The general design of the project answers mainly to the adequacy of its to the environment. The building is set back from the property line leaving a free space that works as a public urban development and allowing the pedestrian access. This gives continuity to the city in order to promote the rapprochement of the citizen to a public building, by tradition, used to be considered as closed and hermetic place.
On the other hand, the building is meant in the environment, offering an architectural landmark reference to the city, thanks to its modern and rotund image. The project tries to change the relationship between a state-owned building and the community through layers of transparency. From a distance, the facade gives to the building a clear and massive appearance. From proximity, the facade’s skin is only a light film whose transparency allows magnificent views of the city from privacy. The anodized aluminum mesh screens that are periodically perforated to control depth of field and light penetration.
These panels create visual impedance towards the interior during the day while allowing undisturbed views to the surrounding city, at night, the building glows with light to expose the inner functions to the outside world. Anodized aluminum gives to the building image a constantly changing, responding to the lights and chromatics variations along day and seasons. In the same way, the degrees of drilling makes the facade seems different according to the observer’s position.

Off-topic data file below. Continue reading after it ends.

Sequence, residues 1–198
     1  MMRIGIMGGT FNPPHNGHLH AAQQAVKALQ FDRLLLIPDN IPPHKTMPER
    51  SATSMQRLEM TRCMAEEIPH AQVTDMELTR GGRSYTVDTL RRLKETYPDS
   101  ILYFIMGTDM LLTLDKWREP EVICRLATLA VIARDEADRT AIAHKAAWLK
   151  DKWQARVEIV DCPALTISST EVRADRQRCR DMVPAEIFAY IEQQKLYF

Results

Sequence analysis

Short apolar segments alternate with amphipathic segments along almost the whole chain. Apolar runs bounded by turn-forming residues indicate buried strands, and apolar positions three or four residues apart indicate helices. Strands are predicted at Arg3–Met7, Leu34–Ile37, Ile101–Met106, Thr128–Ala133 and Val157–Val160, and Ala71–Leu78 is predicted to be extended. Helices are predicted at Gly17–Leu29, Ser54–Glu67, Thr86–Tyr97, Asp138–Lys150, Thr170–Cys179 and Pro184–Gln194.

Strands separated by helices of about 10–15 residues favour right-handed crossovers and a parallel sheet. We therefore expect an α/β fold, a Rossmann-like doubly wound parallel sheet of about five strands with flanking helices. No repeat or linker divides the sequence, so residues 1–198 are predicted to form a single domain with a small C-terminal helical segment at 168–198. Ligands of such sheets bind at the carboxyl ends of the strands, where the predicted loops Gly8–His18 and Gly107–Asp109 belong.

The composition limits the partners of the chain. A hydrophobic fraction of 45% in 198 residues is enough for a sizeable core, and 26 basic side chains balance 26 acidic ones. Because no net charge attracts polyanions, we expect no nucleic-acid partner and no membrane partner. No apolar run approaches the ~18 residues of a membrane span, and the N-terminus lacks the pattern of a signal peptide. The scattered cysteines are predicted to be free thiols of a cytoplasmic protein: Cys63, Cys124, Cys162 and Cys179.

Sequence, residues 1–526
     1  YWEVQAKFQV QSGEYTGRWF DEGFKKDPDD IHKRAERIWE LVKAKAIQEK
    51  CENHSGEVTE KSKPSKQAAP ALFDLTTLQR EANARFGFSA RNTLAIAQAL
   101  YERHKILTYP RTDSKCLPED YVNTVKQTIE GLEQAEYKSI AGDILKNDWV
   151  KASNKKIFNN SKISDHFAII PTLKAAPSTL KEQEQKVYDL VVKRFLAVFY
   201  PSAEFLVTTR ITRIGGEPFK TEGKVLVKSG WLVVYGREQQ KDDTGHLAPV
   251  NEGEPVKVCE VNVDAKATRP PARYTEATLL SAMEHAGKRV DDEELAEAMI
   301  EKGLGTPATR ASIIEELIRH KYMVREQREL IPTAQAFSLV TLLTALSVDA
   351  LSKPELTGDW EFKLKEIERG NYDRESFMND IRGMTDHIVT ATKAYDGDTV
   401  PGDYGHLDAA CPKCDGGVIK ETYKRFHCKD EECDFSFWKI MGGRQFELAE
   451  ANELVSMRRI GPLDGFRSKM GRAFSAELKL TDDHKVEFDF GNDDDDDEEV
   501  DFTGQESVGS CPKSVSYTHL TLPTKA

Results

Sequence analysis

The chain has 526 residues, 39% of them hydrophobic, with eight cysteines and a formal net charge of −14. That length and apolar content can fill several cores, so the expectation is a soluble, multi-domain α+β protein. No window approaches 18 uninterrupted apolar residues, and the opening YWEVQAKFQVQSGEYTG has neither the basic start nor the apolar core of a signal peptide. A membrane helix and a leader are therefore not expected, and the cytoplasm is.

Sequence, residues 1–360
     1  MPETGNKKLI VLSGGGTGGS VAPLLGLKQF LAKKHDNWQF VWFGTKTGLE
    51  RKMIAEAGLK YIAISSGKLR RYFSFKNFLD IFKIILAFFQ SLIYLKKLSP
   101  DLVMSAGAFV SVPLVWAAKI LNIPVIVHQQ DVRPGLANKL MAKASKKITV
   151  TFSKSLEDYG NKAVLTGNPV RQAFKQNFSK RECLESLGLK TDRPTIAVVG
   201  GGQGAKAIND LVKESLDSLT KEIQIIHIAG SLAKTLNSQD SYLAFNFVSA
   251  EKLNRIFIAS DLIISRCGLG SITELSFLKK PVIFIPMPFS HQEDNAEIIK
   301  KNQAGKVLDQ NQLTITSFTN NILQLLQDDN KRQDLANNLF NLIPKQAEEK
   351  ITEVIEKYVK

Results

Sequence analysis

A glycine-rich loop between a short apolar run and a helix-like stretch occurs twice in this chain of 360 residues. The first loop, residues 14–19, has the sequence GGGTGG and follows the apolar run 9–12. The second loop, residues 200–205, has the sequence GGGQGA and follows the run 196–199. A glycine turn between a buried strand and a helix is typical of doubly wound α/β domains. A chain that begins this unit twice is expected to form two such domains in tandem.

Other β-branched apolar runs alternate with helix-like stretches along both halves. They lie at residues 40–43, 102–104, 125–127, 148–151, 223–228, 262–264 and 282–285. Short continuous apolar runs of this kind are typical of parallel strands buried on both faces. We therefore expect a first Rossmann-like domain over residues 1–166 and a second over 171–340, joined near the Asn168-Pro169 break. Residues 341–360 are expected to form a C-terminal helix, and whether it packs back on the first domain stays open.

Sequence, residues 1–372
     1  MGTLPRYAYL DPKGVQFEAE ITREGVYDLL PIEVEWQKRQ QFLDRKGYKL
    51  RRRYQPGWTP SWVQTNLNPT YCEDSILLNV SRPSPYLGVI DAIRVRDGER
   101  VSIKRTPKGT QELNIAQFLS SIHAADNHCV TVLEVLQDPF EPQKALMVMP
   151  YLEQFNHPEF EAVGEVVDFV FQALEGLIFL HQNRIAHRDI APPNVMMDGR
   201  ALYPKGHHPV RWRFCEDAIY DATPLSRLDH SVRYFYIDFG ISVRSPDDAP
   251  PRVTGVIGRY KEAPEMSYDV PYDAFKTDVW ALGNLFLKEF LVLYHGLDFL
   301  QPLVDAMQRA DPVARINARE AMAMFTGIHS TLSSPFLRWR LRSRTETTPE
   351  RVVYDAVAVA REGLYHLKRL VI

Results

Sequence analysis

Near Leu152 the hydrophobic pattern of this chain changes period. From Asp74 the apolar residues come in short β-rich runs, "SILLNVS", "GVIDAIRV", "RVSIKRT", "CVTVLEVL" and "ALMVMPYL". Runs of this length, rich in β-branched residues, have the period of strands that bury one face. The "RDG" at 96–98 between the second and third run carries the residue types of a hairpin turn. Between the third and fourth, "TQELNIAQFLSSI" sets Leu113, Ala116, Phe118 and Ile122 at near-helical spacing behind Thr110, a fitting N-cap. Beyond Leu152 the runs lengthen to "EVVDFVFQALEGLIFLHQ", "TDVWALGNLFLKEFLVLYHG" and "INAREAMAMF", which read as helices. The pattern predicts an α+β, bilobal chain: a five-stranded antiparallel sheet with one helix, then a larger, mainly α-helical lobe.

The arcaded plant establishes a separation between the public facility and private office areas and sets a transition space. Inside, all the work areas are organized around an empty space, a large full-height interior patio and sets up the dialogue between the private area and public spaces. The unifying element of the project is the light that comes through skylights in this atrium.
This space, combined with the use of glass in the work units gives all the space inside a panopticon character both horizontally and vertically. The private spaces by contrast are easily distinguishable as cantilevered solid cubes protruding out of the glass box, and a series of terraces and patios that appear on the facade.Location: Mirador de la Reina nº 4, Madrid, Spain Architect: Voluar Arquitectura | Pablo Rodríguez Mesa, Borja Lomas Rodríguez Project name: Fuencarral – El Pardo Police Station Work team: Teresa Gómez Benito, Alfredo Diez Torre, Noemí Martínez Pozo, Lorenza Grandi, Juan Carlos Argüello Photos: Ángel Baltanás Project year: 2008 Project area: 6.770 sqm